Should you wish to avail of this derogation the Agency may need to amend or review your licence to ensure that the specific requirements of the LCP Regulations (S.I. No. 566 of 2012) are brought into effect and you will be notified of this in due course. These specific requirements are set out in Regulation 11 of S.I. No. 566 of 2012.
A Class 11.6 activity is the temporary storage of hazardous waste pending any of the activities referred to in paragraph 11.2, 11.3, 11.5 or 11.7 with a total capacity exceeding 50 tonnes. It does not apply to the temporary storage of hazardous waste on the site where the waste is generated and is awaiting collection.
For example installations undertaking solvent reclamation or regeneration at a capacity greater than 10 tonnes/day, may also have a dedicated storage area for the associated hazardous waste. Where the capacity of that dedicated waste storage area is greater than 50 tonnes, then class 11.6 applies. It may be the case that the hazardous waste was generated on the site but as it is also undergoing solvent recovery at the installation, the dedicated storage area associated with the solvent recovery activity must be considered in the context of class 11.6.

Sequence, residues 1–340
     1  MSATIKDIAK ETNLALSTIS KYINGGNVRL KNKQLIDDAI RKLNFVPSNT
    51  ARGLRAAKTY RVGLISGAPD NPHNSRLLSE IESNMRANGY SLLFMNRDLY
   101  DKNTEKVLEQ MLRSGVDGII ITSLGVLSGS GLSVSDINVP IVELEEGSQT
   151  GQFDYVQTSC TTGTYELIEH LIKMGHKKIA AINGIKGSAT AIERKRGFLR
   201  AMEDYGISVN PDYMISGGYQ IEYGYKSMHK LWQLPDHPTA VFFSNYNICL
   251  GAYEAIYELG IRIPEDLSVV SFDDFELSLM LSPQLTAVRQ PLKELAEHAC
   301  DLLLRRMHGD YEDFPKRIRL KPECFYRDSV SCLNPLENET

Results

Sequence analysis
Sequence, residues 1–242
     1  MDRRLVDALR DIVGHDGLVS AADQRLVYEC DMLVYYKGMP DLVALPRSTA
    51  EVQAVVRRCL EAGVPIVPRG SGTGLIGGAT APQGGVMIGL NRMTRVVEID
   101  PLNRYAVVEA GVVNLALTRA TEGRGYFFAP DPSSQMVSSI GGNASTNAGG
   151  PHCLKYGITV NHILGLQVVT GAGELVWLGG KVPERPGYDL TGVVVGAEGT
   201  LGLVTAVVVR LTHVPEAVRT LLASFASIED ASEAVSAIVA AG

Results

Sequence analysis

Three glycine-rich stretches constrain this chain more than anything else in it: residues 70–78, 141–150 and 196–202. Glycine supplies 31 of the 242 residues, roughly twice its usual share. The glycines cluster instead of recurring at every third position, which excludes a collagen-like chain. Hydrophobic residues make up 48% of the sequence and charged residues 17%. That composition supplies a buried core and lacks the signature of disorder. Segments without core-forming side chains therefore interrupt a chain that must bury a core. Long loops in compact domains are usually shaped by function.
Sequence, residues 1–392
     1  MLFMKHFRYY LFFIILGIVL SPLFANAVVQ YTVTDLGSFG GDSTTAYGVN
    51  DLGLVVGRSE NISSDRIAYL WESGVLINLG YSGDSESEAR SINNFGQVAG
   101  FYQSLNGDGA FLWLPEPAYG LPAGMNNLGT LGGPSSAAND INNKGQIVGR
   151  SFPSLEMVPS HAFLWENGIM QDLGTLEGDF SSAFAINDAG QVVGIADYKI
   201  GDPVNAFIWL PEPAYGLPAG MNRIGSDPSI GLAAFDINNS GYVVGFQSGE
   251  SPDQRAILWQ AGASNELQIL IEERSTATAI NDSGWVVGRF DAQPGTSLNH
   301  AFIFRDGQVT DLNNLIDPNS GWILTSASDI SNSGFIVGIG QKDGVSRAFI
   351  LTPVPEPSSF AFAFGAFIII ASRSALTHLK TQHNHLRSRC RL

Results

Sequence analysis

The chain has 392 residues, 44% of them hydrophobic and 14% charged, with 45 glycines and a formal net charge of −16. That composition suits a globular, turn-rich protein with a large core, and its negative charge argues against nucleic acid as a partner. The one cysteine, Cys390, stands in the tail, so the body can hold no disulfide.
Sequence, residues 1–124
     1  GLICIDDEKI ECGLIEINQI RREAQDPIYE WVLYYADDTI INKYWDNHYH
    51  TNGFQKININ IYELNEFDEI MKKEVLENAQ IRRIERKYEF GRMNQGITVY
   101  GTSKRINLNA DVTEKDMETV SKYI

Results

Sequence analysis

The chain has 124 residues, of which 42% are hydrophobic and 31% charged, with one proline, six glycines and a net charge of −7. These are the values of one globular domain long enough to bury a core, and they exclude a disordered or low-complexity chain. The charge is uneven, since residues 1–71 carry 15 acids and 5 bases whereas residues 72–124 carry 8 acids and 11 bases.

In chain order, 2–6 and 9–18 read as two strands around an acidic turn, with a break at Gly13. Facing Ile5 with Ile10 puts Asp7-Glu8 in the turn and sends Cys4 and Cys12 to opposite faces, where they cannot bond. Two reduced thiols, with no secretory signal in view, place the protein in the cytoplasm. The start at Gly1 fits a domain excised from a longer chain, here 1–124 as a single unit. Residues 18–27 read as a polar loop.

The storage of waste is a (pre-)treatment operation. In the Waste Framework Directive (2008/98/EC), ‘treatment’ means recovery or disposal operations, including preparation prior to recovery or disposal. Disposal and recovery operations are listed (in a non-exhaustive list) in Annex I and II respectively of the Directive. Activities D15 and R13 are storage operations, as follows:
If the storage operation takes place in what might be called the supply chain for “pre-treatment of waste for incineration or co-incineration”, then it is IED if over threshold because storage of waste is a waste recovery or disposal operation and therefore treatment.
According to the Waste Management Act 1996, as amended, the temporary storage of waste refers to the storage of waste for a period of not more than six months.
Radiation is energy that is transmitted in the form of waves or particles. Scientists divide radiation into two broad categories – ionising radiation, and non-ionising radiation.
Ionising radiation is a proven hazard because it has enough energy to break apart molecules such as DNA which may in time lead to cancer. Non-ionising radiation does not have enough energy to cause such damage.